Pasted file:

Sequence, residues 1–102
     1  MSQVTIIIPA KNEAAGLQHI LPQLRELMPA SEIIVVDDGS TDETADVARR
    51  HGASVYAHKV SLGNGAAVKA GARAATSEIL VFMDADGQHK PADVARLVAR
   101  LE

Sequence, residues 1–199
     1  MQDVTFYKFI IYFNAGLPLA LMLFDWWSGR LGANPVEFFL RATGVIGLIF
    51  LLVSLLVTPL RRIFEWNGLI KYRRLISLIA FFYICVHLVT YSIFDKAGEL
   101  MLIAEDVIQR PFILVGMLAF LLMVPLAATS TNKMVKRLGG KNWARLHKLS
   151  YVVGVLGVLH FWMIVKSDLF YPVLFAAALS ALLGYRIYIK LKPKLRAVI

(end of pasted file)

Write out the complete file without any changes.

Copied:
Sequence, residues 1–102
     1  MSQVTIIIPA KNEAAGLQHI LPQLRELMPA SEIIVVDDGS TDETADVARR
    51  HGASVYAHKV SLGNGAAVKA GARAATSEIL VFMDADGQHK PADVARLVAR
   101  LE

Sequence, residues 1–199
     1  MQDVTFYKFI IYFNAGLPLA LMLFDWWSGR LGANPVEFFL RATGVIGLIF
    51  LLVSLLVTPL RRIFEWNGLI KYRRLISLIA FFYICVHLVT YSIFDKAGEL
   101  MLIAEDVIQR PFILVGMLAF LLMVPLAATS TNKMVKRLGG KNWARLHKLS
   151  YVVGVLGVLH FWMIVKSDLF YPVLFAAALS ALLGYRIYIK LKPKLRAVI